What’s Micro Insurance?Posted on 2016-11-16
Micro insurance is simply affordable Insurance products and package designed and targeted at the low income earners.
Insurance penetration in Kenya currently stands at a paltry 2.8% [compared to last year’s 3.2%] of the gross domestic product [GDP]. This low penetration could be blamed on various factors including poor saving culture, low levels of disposable income, legislation and the industry players themselves; this has led to negative perception towards insurance. This calls for aggressive consumer education and awareness campaigns. At PESABAZAAAR.com we aim the campaigns at increasing public awareness on the need and benefits of insurance. We at the same time help you choose the best insurance company for your insurance needs.
Despite our massive campaigns, the issue of affordability of insurance by low income earners who constitute the largest segment of our society remains a major challenge. Micro insurance therefore presents itself as the most appropriate mechanism the insurance industry could use in making insurance affordable to low income earners. What exactly is micro insurance?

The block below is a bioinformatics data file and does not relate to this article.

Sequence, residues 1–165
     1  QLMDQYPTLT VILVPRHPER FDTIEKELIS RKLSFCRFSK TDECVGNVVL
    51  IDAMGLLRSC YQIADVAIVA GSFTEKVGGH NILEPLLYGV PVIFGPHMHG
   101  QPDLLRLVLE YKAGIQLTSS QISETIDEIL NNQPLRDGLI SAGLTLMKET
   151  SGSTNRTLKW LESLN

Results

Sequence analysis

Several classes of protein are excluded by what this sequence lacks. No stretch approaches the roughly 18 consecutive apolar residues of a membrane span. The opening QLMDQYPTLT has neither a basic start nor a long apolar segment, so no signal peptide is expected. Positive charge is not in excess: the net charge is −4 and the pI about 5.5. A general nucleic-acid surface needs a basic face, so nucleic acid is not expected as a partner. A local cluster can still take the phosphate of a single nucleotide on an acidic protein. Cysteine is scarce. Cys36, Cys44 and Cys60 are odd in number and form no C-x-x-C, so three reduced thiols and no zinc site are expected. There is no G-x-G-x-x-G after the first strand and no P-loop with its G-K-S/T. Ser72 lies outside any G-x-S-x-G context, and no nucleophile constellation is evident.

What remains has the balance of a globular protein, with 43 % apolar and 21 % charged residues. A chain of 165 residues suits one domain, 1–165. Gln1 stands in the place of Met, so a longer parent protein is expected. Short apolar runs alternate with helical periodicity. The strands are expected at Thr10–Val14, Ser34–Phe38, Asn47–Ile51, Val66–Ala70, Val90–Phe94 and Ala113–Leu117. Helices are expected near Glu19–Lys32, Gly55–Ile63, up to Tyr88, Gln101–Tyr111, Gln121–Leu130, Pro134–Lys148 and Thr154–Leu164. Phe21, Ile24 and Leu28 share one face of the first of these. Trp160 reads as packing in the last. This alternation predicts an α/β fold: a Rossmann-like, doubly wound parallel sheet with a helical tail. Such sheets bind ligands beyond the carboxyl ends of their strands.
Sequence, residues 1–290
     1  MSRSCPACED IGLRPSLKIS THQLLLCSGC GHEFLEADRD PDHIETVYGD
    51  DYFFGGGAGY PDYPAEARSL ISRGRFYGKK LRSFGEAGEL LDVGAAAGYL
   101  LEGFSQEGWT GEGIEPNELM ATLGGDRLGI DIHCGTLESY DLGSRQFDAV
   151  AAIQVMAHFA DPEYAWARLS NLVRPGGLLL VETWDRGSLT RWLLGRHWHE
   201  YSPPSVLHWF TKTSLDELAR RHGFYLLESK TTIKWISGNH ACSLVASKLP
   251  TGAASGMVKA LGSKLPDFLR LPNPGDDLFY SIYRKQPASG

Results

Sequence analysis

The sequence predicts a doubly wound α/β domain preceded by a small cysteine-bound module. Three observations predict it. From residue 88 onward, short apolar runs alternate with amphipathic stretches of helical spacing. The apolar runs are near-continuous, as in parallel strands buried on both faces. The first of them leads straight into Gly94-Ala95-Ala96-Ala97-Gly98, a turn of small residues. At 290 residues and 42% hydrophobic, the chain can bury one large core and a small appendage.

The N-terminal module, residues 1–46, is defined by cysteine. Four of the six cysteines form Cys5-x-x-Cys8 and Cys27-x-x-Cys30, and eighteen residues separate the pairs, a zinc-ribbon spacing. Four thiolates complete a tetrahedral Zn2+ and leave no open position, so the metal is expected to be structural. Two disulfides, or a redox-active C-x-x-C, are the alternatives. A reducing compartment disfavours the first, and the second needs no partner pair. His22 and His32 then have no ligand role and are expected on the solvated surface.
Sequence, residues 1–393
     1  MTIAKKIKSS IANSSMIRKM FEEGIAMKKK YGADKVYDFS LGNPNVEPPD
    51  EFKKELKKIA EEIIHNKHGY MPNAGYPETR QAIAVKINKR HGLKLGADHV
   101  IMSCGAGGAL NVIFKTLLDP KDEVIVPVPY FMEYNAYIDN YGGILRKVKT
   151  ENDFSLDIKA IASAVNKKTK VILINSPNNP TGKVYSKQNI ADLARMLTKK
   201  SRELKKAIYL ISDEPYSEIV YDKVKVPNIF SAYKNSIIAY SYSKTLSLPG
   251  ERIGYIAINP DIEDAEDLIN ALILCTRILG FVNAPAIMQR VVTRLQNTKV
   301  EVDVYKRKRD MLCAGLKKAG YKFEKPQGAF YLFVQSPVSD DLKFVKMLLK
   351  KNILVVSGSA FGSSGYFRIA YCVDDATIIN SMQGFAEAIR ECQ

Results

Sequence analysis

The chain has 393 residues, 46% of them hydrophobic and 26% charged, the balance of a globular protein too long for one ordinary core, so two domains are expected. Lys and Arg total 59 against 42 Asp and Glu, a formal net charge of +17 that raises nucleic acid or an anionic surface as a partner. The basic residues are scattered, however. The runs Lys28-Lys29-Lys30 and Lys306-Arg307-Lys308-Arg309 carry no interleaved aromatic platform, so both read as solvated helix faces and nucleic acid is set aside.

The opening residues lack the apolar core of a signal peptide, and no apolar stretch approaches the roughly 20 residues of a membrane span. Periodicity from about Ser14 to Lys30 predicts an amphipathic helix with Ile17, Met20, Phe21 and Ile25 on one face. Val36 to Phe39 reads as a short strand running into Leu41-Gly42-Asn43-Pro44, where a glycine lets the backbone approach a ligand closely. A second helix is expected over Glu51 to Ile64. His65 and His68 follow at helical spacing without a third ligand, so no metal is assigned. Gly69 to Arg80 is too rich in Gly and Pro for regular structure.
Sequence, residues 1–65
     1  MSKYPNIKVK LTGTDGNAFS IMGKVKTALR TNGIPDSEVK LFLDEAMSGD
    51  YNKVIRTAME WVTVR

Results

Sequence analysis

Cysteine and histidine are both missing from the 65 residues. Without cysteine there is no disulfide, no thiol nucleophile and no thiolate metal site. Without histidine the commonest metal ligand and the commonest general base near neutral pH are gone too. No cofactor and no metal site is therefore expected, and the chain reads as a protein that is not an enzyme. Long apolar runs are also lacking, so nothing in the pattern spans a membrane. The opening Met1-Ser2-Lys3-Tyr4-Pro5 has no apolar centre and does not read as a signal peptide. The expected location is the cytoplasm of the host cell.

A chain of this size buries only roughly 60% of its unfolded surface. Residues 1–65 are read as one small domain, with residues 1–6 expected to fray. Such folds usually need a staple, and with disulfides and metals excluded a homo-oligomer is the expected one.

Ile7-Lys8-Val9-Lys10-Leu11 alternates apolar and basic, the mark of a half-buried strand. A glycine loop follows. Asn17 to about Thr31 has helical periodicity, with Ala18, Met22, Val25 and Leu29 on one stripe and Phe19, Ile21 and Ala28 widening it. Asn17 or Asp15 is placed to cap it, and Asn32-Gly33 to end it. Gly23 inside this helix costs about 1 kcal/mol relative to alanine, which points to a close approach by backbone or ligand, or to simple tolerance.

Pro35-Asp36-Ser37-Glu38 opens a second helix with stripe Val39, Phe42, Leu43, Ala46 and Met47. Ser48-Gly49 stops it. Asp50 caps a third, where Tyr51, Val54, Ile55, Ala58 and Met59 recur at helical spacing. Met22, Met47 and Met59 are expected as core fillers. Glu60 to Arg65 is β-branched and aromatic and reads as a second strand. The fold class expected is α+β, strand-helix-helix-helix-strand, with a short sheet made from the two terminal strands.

Micro insurance is the packaging of insurance for the low income earners. Micro insurance aims at enabling low income earners manage risks such as accidents, illness, theft, death, fire and natural disasters like flood and drought. Micro insurance cover is provided in exchange for affordable insurance premium tailored to the needs, income and nature of risks faced by buyers.
The micro insurance sector has grown rapidly over the past 10 years and is expected to double by 2020, producing coverage for over 1 billion people. With it, this significant growth brings new and exciting innovations in products addressing health, agricultural, and property insurance, as well as new business models that find unique delivery methods to be sustainable. Endowment products enable individuals and groups to finance their old age as life expectancy continues to rise globally, endowment products, which pay a lump sum upon maturity or death, are becoming more relevant. People need to find ways of financing their old age.